1 / 23

230 likes | 337 Views

Motivation for the Design of an Instruction Set. Consider the invented assembly language instruction add x, y, z y is added to z , and the result is written to x. 4 fields are implied within the machine code for this instruction

Download Presentation
## Motivation for the Design of an Instruction Set

**An Image/Link below is provided (as is) to download presentation**
Download Policy: Content on the Website is provided to you AS IS for your information and personal use and may not be sold / licensed / shared on other websites without getting consent from its author.
Content is provided to you AS IS for your information and personal use only.
Download presentation by click this link.
While downloading, if for some reason you are not able to download a presentation, the publisher may have deleted the file from their server.
During download, if you can't get a presentation, the file might be deleted by the publisher.

E N D

**Motivation for the Design of an Instruction Set**Consider the invented assembly language instruction add x, y, z y is added to z, and the result is written to x**4 fields are implied within the machine code for this**instruction The number of unique instructions determines the size of the op code field 8 bits will be enough. (MIPS has 6.) z y x addop code addresses (assume 32 bits)**The goal:**Compute how much time it takes to fetch and execute an instruction. Then, by design, make it faster. P M Fact: memory accesses take much longer than processor operations.**processor operation : memory access**1 : 20 ish For this exercise, use 1 : 10 Each memory access transfers 32 bits of data in parallel (or, at one time). This implies that there are 32 wires connecting P to M.**add x, y, z** fetch instruction PC update decode get operands do operation (add) store result requires a memory access**Machine code for this add is more than 96 bits**• instruction fetch requires3 memory accesses • 2 operands to load (y and z) requires2 memory accesses • 1 result to store (x) requires1 memory access**using 1:10 ratio,**62 60/62 is spent waiting for memory !**new approach:**redesign instructions with 2 operands add x, y does x x + y y x addop code addresses (again, 32 bits)**original instruction: add x, y, z**becomes copy x, z add x, y move add + 41 52 = 93**MIPSSPARCALPHAPowerPC**instruction set with • 3 operands is a 3-address architecture • 2 operands is a 2-address architecture • 1 operand is a 1-address architecture Intel x86**1 operand ?**How to add ? from memory Acc to memory add x does Acc Acc + x**add x, y, z**becomes load z # Acc z add y # Acc Acc + y store x # mem Acc an address (again, 32 bits) op code**store**load add + + 21 22 21 = 64**But, what if the example includes more than 1 instruction?**x (y + z) / 3 On the 3 address architecture: add x, y, z div x, x, 3 3 x x immediate div addresses**on the 3-address architecture**add div immediatevalue 3"loaded" atfetch ! + 62 52 = 114**on the 2-address architecture:**copy x, z add x, y div x, 3 must load x, but 3 is in the instruction div copy add + + 41 52 42 = 135**immediatevalue 3 is in the instruction**on the 1-address architecture: load z add y div 3 store x div store load add + + + 21 22 12 21 = 76**The best parts of the ideas:**• Make instructions small, to minimize fetch time • Keep the Accumulator, to avoid extra loads and stores • In fact, we'd like to have several Accumulators. . . all inside the processor call them registers**All modern processors have sets of registers, kept in a**register file. • The MIPS R2000 has a set of 3232-bit registers. . .**These architectures are categorized asload/store**architectures. • operands for arithmetic and logical instructions only come from and go to registers . . . not memory • other instructions (loads and stores) read from or write to memory**Our invented example:**add x, y, z becomes more like load reg1, y load reg2, z add reg3, reg2, reg1 store reg3, x addresses**consider the add instruction**add reg3, reg2, reg1 For 32 registers, it only takes 5 bits. instruction size ≈ 8 + 5+ 5 + 5 = 23 bits**add**load 14 22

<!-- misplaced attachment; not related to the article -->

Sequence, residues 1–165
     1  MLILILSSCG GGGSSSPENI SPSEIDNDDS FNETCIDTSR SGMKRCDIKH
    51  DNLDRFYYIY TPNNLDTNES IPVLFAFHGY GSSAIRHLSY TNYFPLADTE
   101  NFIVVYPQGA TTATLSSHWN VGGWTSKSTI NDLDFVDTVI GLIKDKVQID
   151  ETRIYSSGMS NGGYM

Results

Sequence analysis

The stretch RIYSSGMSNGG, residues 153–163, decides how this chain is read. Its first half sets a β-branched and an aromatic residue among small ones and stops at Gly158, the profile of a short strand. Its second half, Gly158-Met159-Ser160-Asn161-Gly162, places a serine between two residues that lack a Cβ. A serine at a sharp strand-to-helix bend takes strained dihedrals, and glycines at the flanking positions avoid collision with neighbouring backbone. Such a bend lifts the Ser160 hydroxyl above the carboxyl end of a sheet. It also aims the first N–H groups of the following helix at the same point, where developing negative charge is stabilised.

More Related